Thursday, 13 January 2000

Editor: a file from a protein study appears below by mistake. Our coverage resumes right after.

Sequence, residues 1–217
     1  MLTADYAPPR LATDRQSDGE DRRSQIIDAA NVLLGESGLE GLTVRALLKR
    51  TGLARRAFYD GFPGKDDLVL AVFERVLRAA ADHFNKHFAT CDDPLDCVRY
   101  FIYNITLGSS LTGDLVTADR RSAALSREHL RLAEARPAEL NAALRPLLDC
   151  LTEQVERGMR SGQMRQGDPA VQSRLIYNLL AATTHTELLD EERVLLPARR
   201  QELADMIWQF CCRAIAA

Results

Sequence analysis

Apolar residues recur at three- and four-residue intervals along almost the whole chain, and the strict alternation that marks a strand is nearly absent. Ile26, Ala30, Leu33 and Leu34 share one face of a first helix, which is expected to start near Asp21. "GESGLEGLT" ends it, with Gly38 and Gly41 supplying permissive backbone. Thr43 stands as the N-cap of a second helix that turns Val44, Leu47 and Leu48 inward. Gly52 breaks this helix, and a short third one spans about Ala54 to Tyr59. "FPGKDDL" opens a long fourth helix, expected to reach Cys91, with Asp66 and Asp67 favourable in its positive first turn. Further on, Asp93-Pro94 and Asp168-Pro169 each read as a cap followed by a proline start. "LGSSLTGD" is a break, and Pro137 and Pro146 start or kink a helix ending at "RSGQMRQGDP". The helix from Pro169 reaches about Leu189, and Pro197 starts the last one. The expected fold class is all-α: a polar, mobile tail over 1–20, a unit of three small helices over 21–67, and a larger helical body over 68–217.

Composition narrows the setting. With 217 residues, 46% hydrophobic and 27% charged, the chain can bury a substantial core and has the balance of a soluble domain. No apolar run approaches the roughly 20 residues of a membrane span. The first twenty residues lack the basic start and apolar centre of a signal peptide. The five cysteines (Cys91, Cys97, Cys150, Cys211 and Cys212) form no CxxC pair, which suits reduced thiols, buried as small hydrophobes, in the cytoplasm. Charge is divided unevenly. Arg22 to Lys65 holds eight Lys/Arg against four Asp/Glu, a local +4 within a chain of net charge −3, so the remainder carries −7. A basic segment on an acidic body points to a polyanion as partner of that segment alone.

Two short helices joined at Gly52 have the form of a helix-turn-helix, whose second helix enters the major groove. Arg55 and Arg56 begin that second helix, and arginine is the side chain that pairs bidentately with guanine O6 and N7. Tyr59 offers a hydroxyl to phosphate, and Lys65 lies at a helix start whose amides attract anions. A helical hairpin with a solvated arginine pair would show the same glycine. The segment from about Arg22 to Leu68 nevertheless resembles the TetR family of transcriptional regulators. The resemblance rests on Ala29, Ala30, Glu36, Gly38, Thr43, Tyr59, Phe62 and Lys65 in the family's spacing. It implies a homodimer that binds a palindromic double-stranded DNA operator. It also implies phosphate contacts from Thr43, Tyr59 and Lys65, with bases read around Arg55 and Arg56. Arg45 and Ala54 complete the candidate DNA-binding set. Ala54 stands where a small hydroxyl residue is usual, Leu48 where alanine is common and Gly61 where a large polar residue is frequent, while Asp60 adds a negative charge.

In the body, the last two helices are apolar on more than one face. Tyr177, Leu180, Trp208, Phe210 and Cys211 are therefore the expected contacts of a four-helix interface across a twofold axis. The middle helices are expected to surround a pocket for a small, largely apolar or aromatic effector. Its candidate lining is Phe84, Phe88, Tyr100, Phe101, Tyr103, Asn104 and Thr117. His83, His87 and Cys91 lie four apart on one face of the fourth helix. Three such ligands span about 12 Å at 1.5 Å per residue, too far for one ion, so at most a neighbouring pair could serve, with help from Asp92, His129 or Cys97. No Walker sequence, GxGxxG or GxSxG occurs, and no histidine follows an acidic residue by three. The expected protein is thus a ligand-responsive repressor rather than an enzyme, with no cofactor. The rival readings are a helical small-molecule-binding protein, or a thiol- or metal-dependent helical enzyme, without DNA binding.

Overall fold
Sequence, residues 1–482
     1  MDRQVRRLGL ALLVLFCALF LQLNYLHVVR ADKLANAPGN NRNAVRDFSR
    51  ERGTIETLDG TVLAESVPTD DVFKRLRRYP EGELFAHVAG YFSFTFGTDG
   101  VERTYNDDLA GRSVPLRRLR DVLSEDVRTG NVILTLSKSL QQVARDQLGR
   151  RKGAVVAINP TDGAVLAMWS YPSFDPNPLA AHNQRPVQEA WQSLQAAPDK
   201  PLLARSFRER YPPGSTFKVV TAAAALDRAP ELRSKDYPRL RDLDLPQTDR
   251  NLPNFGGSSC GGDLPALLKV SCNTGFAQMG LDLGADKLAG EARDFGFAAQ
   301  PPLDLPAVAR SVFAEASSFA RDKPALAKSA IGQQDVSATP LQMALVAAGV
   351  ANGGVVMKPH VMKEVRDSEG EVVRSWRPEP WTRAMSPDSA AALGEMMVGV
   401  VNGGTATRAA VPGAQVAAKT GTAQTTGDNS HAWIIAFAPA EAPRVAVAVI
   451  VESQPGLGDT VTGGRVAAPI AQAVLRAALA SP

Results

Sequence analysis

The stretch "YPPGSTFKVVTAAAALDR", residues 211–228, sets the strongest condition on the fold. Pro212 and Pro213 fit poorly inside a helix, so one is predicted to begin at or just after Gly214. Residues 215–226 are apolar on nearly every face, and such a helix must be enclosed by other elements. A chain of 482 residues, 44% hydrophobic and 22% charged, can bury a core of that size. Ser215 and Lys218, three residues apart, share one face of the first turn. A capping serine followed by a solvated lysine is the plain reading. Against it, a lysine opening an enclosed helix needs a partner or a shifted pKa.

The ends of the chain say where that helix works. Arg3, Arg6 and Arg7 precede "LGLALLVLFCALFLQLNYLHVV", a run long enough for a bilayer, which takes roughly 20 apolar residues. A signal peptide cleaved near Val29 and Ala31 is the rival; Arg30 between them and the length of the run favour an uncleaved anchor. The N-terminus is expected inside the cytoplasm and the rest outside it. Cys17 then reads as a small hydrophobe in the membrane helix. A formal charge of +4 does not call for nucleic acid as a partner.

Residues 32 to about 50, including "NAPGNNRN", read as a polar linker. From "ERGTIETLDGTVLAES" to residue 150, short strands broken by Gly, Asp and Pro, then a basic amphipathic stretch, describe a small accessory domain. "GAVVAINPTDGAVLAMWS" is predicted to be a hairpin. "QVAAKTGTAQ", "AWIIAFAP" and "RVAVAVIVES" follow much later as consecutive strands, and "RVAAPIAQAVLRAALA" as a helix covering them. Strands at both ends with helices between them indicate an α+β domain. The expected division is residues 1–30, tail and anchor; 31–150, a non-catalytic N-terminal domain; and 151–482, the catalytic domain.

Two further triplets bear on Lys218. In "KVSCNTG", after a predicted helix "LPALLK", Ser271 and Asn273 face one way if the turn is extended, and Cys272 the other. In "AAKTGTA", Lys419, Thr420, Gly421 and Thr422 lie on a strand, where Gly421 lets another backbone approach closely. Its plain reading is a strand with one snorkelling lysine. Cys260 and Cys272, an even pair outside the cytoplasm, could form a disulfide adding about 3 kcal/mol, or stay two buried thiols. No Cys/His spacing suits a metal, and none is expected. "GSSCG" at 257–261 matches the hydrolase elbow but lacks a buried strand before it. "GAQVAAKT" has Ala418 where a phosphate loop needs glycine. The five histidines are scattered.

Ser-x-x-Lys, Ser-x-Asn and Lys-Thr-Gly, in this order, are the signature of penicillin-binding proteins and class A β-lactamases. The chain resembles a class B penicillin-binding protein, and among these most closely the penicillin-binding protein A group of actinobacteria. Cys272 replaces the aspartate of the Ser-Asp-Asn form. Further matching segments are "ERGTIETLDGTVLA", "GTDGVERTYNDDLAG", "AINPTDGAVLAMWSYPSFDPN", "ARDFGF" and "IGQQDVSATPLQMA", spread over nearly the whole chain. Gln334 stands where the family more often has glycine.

The BBC's Tomorrow's World programme last night featured a new development which, according to its designer, is capable of transmitting sound in a straight line Sound Beam is a new device which sends sound in a straight line - working on much the same principles as a spotlight. Designed by Joe Pompei, a researcher at MIT media lab in Boston, it can be used to relay audio to just one person in a crowd. Pompei's design is based upon high frequency ultrasound waves which are beyond our hearing which act like a 'carrier' for audible sound. His design combines music with ultrasound; this then recreates the complex wave patterns of the music at a much higher frequency that can't be heard. A specially designed speaker is then used to send out this high frequency ultrasound beam. Physical properties in the air then distort the beam producing a range of frequencies, including audible sound. The sound quality isn't high enough yet to cover very long distances, but when it is, the potential applications for the product in public places such as airports, stations and cinemas are mind-boggling.